[Skip to Content]
[Skip to Content Landing]
May 13, 1899


JAMA. 1899;XXXII(19):1032. doi:10.1001/jama.1899.92450460014001g

This article is only available in the PDF format. Download the PDF to view the article, as well as its associated figures and tables.


The exact fitting of reading lenses to the eyes of studiously inclined persons past middle age, is either one of the most simple or one of the most complicated things that the oculist is ever called upon to do. In the absence of astigmatism and of a difference in the refraction of the eyes, the fitting of reading lenses is a matter of no difficulty. When there exists 0.5D. or more of astigmatism in one or both eyes, and a difference of 0.25D. or more in the refraction of the eyes perfectly fitting lenses for reading are seldom obtained.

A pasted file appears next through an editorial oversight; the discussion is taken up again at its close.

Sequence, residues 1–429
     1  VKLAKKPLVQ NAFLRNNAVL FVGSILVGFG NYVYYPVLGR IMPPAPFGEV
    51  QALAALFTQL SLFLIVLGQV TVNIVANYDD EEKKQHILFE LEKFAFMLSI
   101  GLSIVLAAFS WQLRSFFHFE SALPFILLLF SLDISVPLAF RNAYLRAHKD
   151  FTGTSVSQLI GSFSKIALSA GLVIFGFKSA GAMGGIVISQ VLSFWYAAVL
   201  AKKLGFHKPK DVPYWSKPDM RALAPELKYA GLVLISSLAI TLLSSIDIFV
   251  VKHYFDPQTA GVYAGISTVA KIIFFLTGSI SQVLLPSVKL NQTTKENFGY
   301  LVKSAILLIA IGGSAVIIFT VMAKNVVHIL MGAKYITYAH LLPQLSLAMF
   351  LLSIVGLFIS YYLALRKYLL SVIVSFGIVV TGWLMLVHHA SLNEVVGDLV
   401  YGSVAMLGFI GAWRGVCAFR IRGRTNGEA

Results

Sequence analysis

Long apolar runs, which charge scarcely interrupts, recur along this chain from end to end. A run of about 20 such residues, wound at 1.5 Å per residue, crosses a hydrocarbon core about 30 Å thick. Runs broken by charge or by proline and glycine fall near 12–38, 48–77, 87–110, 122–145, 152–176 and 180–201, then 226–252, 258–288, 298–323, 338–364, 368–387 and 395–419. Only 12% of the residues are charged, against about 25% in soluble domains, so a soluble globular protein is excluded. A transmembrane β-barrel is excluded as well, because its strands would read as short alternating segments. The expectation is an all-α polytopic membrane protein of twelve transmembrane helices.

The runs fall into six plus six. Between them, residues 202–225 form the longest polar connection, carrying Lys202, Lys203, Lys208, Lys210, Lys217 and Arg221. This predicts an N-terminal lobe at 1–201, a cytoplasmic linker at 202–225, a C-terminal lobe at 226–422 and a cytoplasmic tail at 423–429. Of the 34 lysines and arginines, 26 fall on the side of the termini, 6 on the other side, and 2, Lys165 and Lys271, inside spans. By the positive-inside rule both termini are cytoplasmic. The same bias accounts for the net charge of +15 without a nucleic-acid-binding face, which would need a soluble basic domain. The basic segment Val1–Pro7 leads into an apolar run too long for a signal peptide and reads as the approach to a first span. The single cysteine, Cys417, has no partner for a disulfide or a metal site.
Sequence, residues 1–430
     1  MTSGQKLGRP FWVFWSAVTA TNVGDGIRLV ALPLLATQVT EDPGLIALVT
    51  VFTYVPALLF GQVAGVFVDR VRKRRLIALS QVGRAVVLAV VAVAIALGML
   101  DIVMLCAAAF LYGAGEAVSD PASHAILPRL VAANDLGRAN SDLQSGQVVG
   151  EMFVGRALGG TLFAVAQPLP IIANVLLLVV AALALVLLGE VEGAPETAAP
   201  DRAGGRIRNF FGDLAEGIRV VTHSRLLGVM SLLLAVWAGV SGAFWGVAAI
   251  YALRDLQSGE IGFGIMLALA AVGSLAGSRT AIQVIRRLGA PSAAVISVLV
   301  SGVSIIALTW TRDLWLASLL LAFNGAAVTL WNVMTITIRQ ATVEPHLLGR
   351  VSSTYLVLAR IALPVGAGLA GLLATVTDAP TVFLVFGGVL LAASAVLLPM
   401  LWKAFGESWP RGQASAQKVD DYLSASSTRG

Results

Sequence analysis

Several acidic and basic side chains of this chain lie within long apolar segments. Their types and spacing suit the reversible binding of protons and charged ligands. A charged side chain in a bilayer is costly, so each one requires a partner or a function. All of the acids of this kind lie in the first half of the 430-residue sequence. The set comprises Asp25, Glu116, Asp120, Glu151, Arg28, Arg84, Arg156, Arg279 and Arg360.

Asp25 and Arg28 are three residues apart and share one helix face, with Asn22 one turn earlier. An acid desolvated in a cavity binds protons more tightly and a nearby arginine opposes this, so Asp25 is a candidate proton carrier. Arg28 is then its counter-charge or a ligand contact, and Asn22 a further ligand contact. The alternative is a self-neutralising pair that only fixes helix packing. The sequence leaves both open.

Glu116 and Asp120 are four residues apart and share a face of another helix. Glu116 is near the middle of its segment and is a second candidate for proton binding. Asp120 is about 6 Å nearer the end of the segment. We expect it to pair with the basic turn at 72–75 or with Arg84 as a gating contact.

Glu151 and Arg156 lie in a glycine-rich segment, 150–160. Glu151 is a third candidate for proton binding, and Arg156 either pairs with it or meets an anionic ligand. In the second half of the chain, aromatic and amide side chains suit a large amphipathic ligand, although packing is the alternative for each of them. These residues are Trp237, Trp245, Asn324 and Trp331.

Commonly but little care is given to the fitting of reading lenses to the eyes of persons above 40 years of age. Ordinarily the weakest convex lenses with which the patient is able to read the smallest print at a distance of 22 cm. (8.5 inches) from the eyes, are prescribed.

First Page Preview View Large
First page PDF preview
First page PDF preview